KARL STEFANOVIC:

I guess the point is, that most people remember what their bill is. I don't expect you to as the Prime Minister, but the point is you can't possibly guarantee something that has little or no key details.

PRIME MINISTER:

I know what my bill is Karl, believe me -

KARL STEFANOVIC:

Yeah, what is it?

PRIME MINISTER:

Well, let's talk about the average. The average bill is around $2500 - $2700, okay? What we’ve been able to secure already, is reductions for thousands of Australians of $300, $400, $500 by getting them onto the right plan. That is something we have done now.

Now, a big part of the cost of electricity is the high price of gas, driven by a shortage on the east coast, driven by a failure in Labor policy when they allowed exports to go out from the east coast without reserving any gas for Australian consumers.

Again, we fixed that because we've got the big gas exporters - as you know, we talked about it - to guarantee that there will be enough gas for the local market.

Another big factor in that energy bill that everyone faces, is the cost of the poles and wires. The network owners have been gaming the system, constantly appealing against the energy regulator. We have actually just passed legislation to abolish those appeals.

KARL STEFANOVIC:

Yep.

PRIME MINISTER:

So they will have to live with the decisions of the regulator. All of those things, every single one of those measures.

KARL STEFANOVIC:

It’s bringing costs down.

PRIME MINISTER:

It’s putting downward pressure on electricity prices.

Now, the big difference with Labor, Karl, is that everything they want to do is putting upward pressure on prices. So we're working to make electricity affordable. Labor is working to make it unaffordable and unreliable.

KARL STEFANOVIC:

Two quick ones before we move on, I know you are a busy man. The Telecommunications Ombudsman's Annual Report out today. It’s grim reading. There were 27,195 complaints to the ombudsman about the NBN. That was up about 159 per cent. 16,200 complaints about faults over the NBN. That’s 6.7 per cent complaints per 1,000 households activated. You are Mr NBN. This isn't good enough, is it?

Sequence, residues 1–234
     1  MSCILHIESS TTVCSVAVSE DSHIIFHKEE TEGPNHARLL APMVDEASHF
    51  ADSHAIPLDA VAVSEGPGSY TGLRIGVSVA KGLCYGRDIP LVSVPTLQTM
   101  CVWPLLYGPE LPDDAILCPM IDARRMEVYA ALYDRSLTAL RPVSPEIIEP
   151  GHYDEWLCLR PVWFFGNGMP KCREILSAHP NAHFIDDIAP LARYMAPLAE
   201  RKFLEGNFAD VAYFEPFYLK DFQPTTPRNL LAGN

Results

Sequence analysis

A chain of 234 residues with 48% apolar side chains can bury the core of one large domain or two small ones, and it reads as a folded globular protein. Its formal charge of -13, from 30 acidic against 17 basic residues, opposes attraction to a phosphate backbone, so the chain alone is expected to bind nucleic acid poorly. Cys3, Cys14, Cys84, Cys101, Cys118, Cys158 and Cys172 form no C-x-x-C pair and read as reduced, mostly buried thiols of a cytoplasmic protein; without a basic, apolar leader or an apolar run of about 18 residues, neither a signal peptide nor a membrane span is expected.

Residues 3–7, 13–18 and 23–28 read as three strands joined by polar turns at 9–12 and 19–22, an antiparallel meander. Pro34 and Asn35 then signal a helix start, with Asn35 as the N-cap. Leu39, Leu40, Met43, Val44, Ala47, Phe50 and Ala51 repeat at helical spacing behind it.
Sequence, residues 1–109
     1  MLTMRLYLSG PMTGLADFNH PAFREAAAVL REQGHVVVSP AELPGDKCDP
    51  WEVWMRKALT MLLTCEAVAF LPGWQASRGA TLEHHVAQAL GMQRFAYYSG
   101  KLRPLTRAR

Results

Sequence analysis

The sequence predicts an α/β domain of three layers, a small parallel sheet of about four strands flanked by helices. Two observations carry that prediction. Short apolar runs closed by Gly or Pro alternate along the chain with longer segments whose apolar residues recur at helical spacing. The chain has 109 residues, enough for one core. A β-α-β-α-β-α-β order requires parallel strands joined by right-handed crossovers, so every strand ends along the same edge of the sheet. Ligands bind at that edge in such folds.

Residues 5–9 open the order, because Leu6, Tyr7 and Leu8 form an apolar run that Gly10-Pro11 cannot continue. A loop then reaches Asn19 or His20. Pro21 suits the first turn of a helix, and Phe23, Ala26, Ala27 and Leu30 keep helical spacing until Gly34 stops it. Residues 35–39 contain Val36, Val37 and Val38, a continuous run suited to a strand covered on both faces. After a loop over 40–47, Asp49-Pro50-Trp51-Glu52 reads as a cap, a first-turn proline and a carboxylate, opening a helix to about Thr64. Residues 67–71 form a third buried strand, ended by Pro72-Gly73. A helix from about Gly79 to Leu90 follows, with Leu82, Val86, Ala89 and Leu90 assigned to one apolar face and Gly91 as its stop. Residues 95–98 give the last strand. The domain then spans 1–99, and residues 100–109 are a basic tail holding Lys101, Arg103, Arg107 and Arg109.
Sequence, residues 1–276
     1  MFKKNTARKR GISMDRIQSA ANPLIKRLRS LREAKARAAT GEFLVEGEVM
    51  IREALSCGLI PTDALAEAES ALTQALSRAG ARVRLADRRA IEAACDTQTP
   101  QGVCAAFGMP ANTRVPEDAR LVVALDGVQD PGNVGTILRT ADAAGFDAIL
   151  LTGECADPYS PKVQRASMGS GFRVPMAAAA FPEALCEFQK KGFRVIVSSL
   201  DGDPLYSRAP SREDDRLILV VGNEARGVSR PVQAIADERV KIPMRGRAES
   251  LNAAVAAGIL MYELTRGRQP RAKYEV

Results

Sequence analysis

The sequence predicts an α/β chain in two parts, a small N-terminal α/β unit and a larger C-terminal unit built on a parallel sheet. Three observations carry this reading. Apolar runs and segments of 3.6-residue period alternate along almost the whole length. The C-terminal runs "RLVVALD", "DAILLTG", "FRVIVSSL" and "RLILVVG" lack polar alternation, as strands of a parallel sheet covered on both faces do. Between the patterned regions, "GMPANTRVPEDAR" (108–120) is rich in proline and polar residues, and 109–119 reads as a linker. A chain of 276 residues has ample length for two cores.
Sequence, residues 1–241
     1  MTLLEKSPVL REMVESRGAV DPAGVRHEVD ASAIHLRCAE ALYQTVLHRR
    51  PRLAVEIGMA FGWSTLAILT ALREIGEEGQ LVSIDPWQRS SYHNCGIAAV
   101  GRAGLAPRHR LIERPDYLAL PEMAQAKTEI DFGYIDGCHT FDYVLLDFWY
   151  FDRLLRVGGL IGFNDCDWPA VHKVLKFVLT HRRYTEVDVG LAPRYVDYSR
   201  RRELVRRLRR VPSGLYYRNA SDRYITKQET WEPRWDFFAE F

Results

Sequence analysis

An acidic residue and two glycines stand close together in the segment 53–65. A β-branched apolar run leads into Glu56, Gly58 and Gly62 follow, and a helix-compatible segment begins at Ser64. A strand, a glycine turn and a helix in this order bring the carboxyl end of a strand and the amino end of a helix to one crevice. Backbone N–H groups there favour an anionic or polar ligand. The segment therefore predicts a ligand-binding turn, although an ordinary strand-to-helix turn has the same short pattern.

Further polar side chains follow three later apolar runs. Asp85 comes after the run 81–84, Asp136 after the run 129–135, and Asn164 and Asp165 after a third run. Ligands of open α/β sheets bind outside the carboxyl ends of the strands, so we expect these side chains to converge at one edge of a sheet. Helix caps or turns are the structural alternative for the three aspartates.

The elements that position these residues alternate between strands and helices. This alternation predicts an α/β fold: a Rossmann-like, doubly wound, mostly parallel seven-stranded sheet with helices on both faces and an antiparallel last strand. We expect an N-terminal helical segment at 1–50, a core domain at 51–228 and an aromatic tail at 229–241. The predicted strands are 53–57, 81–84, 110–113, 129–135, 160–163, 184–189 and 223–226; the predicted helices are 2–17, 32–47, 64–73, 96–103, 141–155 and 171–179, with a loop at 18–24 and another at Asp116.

PRIME MINISTER:

Well, it’s never good enough to have complaints, Karl, and that is why I'm working closely, talking to the management at the NBN, as is the minister, Mitch Fifield, to improve both the installation experience and to ensure that people are getting from the retailers, the plans they deliver.

But just a fact of life, it’s a bit like television you know; if you've got hardly any viewers, you won't get a lot of complaints.

With NBN, what we have now got is about 3 million people are actively connected on to the network. We are connecting more people every 10 days than Labor did in six years.

So you get a lot more customers, they’re rolling on and around 30,000, 40,000 a week. Clearly you are going to get more complaints. But you know what, we aim to have 100 per cent satisfaction. It can't be achieved, I know that, but the goal is to ensure that the installation experience is a good one and obviously that people are satisfied with the service when they get it.

KARL STEFANOVIC:

Finally and very quickly, a new poll out today reveals 59 per cent claim to have voted ‘yes’ for gay marriage, while 38 per cent say they voted ‘no’. You must like the sound of that, ‘yes’?

PRIME MINISTER:

Well certainly, Lucy and I voted ‘yes’ and I’d be delighted if there was a ‘yes’ vote recorded. But above all, I am so pleased that Australians are embracing this survey. Already we know from the ABS that over 67 per cent have returned their ballot papers. So we may well see a participation rate over 70 per cent. That would be extraordinary. That will prove that we were right; Australians did want to have their say and they're having their say.

KARL STEFANOVIC:

Let's hope so. PM, thanks so much for your time this morning. Always appreciate it, you’re a busy man.

PRIME MINISTER:

Thanks Karl.

[ENDS]